In One Picture: Denise DeMarco’s “SEAL in Distress” (Contest)

In One Picture: Denise DeMarco’s “SEAL in Distress” (Contest)

UPDATE: The winner is…Latifa Morrisette!

SEAL in Distress by Denise DeMarco
While dealing with an unwanted inheritance, a former SEAL confronts his toughest battle yet against an unexpected woman.

I’m one of those people who is plagued with curiosity. It seems like I wonder about everything. Is that a curse you share with me? You know, getting pulled into the rabbit hole that the Internet can become when you look something up… and then ending up spending hours going way beyond your original intention. Or asking Alexa (or your favorite AI device), so many questions that you swear it starts sounding annoyed when it answers.

On the plus side, endless curiosity means you find out lots of interesting information and fun facts. On the negative side, you baffle friends and family when you try to work those nuggets of knowledge into casual conversation.

When I saw the open call for submissions of stories to be considered for Silver Soldiers, I started wondering what I could write about. I always enjoy stories about Navy SEALs, so that’s where my concept began. Then I started thinking about what could cause a strong character enough distress to have a real impact on him. The answers to that question inspired his story.

I’ll always be grateful to Delilah Devlin for giving my story a place in this exciting anthology! I hope you’ll enjoy meeting my “SEAL in Distress.”

A snippet from “SEAL in Distress”…

It’s as hot in here as it is outside. Sweat is running down the back of my neck and under my shirt. What kind of crappy hardware store has broken air conditioning and a ceiling fan so poorly hung that it clangs and scrapes every third rotation? Floor tiles are scuffed and chipped, peeling in places. Ceiling is stained. Display racks look old. But the shelves seem well-stocked. Inventory doesn’t appear to be old, which indicates business is good. Rotating my head and neck to release some tension, I remind myself it isn’t my problem to solve. If the guy who owns this place wants it to be a ramshackle sweatbox, it’s his choice. Some guys just don’t take pride in anything.

The guy in front of me moves up a few steps. I watch as he shoves a bundled new extension cord and some other electrical-looking item under his left arm and uses both hands to smooth down hair that wasn’t messed up. In fact, from head to toe, the guy is dressed like he’s going on a date or something, not picking up stuff at the hardware store. He must’ve squeezed in this errand on his way to somewhere else.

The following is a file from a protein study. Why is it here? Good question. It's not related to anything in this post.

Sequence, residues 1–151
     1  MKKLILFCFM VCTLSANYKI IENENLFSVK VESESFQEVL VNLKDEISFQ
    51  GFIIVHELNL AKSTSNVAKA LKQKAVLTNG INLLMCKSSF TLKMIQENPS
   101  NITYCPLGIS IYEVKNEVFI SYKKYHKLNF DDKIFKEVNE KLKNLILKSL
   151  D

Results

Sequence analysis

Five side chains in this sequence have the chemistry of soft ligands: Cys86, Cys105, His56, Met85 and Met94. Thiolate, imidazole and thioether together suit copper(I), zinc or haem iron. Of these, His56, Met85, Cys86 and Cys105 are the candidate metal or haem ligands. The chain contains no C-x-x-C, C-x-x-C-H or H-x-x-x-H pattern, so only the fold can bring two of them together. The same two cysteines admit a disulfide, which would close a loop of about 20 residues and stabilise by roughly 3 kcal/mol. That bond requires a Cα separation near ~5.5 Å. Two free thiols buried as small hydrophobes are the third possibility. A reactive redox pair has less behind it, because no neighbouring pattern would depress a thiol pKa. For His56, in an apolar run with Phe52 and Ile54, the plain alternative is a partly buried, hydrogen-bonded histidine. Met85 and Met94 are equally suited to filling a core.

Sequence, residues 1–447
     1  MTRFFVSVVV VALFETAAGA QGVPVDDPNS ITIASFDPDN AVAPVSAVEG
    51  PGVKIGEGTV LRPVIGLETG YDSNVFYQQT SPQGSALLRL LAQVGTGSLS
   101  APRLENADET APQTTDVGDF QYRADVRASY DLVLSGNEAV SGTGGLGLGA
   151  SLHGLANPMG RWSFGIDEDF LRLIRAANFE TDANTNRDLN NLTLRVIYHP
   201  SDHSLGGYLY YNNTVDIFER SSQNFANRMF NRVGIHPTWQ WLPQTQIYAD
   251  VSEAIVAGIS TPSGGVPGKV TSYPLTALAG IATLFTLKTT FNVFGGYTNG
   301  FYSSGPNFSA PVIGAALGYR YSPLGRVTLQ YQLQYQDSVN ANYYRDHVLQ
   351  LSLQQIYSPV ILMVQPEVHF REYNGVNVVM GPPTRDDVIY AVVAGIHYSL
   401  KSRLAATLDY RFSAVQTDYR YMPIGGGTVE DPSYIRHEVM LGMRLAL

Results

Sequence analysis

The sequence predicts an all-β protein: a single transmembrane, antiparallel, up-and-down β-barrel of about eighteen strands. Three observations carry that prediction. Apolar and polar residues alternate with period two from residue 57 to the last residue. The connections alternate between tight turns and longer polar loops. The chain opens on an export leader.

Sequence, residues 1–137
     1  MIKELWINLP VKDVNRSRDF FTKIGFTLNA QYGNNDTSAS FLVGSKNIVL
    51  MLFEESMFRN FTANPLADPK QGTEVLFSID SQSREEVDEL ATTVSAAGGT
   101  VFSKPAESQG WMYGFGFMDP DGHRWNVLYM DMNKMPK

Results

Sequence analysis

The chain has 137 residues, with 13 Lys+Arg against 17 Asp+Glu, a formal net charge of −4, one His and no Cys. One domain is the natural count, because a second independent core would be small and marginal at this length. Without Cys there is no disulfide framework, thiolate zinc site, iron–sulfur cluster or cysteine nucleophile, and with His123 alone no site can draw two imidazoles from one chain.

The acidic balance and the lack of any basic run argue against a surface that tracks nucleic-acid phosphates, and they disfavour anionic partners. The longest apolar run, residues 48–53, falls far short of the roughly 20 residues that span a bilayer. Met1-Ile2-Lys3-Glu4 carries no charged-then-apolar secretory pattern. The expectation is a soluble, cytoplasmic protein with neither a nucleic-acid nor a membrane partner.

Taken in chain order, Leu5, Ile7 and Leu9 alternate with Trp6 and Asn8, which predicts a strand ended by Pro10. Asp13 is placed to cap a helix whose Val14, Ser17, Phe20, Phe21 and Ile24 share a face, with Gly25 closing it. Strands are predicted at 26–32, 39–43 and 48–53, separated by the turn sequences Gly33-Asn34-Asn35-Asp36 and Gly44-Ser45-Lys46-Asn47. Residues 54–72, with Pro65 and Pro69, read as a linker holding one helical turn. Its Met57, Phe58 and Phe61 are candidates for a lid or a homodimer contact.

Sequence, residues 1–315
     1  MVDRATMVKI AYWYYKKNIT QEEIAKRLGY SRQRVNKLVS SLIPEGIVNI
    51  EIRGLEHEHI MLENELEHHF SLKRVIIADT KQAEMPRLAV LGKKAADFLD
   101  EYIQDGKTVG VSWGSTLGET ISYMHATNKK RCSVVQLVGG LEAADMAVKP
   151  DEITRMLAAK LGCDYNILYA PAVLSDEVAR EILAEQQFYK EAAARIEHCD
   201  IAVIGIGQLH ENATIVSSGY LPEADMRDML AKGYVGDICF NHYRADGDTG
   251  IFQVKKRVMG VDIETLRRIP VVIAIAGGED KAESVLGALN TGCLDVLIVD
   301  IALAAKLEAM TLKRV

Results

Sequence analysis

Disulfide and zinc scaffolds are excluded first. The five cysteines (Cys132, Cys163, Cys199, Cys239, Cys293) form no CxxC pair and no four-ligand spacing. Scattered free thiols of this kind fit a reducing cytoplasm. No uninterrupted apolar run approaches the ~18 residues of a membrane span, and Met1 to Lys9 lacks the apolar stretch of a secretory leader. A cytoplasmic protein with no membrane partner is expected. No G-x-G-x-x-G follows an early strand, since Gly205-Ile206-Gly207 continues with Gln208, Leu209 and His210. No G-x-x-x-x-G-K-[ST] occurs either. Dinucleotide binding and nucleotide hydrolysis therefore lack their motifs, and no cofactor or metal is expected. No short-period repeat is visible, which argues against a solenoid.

I look past him to the man ahead of him in line. A long-sleeved dress shirt and tie? Who wears that to the hardware store? In this heat? I start looking up and down the line with increased interest. Usually, I’m very observant of my surroundings. For two decades, my life depended on it. But today, I’ve been so lost in my own head, I never noticed that everybody in line is a guy and that every damn one of them is dressed way too well for a quick run to the hardware store. The men of Appleton are a strange bunch. This place is even more boring than I originally thought if going to the hardware store is considered an event requiring careful clothing selection.

The line moves again, more this time. Two customers are in front of me, and the path of the line turns right and is hidden by other aisles of merchandise. The guy in the long-sleeved shirt is moving forward around the corner. He lifts his chin and grins big as he walks out of sight. A small sign dangling from the ceiling has an arrow pointing in that direction and says: Pay Here.

I look down at my dirty boots and focus my senses, particularly my hearing. I tune out the clunking of the ceiling fan and the general sounds of the store around me, focusing on sound to my right and in front of me. I hear a man speaking and a woman laughing. I suddenly realize I haven’t seen any women in the store. Strange, because women shop in hardware stores, too. Maybe not quite as often as men do, but it’s not the Stone Age.